I suppose this isn't a bad thing. After all, it keeps me from getting hurt, from taking dangerous risks, etc. But I've come to see that sown times, I can have my own kind of 'adventure' or new experience without making myself completely uncomfortable or unsafe

Like last week. I actually drove a Segway for the first time in my life. I've seen those things on TV and always thought that it would be awesome to ride one, but when would I ever get that chance? Well, when I finally got the chance last week, I nearly backed out. I got onto the Segway and felt horrified. I was going to fl off, break my bones, and regret the decision. 
But something inside of me told me that I had to give it a second chance. I had to try it for at lest ten minutes, in the safety of the trainer's supervision. And I did. I was scared, but not 'deadly scared'. After about fifteen minutes, I was okay. I could drive the Segway properly and I was having fun! Around me, however, were people who were riding their Segway super fast. They were doing tricks, speeding up, and riding around obstacles. This is where I drew the line. For me, even riding the Segway was a huge deal. And now that I was comfortable, I was happy. I was proud of myself. I didn't need to ride super fast or try doing flips of the Segway in order to have fun or challenge myself. This was good - actually, excellent! - for me.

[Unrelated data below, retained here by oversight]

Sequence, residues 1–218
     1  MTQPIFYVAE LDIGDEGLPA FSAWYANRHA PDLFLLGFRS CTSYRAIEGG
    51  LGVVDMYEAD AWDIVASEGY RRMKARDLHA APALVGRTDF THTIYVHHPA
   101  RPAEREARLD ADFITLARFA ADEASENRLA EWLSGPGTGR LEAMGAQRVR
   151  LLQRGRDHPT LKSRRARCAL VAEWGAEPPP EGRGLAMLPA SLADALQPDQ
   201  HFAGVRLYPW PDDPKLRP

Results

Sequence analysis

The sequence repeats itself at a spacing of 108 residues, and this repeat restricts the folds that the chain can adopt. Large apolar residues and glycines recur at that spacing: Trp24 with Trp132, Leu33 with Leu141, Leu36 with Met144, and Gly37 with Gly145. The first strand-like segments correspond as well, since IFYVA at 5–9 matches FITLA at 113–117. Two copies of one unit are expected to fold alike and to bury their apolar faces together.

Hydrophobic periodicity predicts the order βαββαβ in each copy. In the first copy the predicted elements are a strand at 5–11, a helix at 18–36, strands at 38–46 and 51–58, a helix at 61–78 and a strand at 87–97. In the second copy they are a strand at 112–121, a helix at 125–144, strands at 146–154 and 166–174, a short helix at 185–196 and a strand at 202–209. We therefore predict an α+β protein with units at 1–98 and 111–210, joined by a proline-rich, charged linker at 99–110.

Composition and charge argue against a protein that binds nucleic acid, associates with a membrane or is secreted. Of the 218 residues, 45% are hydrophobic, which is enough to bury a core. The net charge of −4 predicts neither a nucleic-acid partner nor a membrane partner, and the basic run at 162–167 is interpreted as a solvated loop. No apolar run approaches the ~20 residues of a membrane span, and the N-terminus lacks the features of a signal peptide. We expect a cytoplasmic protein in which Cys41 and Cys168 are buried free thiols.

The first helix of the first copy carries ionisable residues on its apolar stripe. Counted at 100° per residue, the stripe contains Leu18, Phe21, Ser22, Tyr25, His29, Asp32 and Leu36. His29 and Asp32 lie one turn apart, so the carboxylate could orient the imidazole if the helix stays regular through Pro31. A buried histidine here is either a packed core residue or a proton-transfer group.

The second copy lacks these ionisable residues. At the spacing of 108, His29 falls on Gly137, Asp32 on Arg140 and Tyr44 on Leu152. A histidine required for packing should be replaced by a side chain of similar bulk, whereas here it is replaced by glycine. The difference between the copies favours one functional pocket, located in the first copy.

I've come to realize that each person is different in the risks they can take, and this doesn't mean that I am less fun or brave than anyone else. Sometimes, society tells us that we always need to take huge risks to be 'cool'. Or, that by being safe, we aren't going to have fun. While I agree that being over-cautious and constantly worrying is crippling, I don't believe that we need to risk our safety to have fun or be adventurous. I also think that having good support around us encourages us to try new things and to feel comfortable doing so. 

After all, we are all mature adults here. There is no benefit to making a silly decision in the name of 'fun', nor is there any purpose to tease others because they are scared to do a new activity. Each person is different. Part of growing up and maturing is knowing when we can challenge ourselves, and far we can push ourselves. When we, or others, pass this limit, we get uncomfortable and tense. But, when we can safely try something new and allow ourselves to make mistakes - in a safe environment - we can experience the power of learning and doing new things

We may find that we really liked the new experience - like myself with the Segway. Or we may find that we hated it - and that's okay too. I have definitely learned that challenging myself, although difficult to do and follow-through, is an amazing experience when I feel safe, supported, and encouraged. I think we're all like this. Taking risks doesn't have to mean putting ourselves in danger, or doing something crazy and 'wild' in order to impress others. Take risks and try new things for yourself: to learn something, to try something new, and to have fun!